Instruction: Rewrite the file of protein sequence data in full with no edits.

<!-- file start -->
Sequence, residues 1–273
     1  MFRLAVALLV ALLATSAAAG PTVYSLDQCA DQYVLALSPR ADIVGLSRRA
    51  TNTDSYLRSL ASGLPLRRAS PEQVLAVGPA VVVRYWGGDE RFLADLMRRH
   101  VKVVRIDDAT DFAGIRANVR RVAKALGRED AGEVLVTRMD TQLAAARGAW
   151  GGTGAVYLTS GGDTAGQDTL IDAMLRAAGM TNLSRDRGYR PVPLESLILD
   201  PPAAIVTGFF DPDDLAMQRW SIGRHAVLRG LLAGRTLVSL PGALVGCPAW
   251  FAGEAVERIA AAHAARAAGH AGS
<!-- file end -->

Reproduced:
Sequence, residues 1–273
     1  MFRLAVALLV ALLATSAAAG PTVYSLDQCA DQYVLALSPR ADIVGLSRRA
    51  TNTDSYLRSL ASGLPLRRAS PEQVLAVGPA VVVRYWGGDE RFLADLMRRH
   101  VKVVRIDDAT DFAGIRANVR RVAKALGRED AGEVLVTRMD TQLAAARGAW
   151  GGTGAVYLTS GGDTAGQDTL IDAMLRAAGM TNLSRDRGYR PVPLESLILD
   201  PPAAIVTGFF DPDDLAMQRW SIGRHAVLRG LLAGRTLVSL PGALVGCPAW
   251  FAGEAVERIA AAHAARAAGH AGS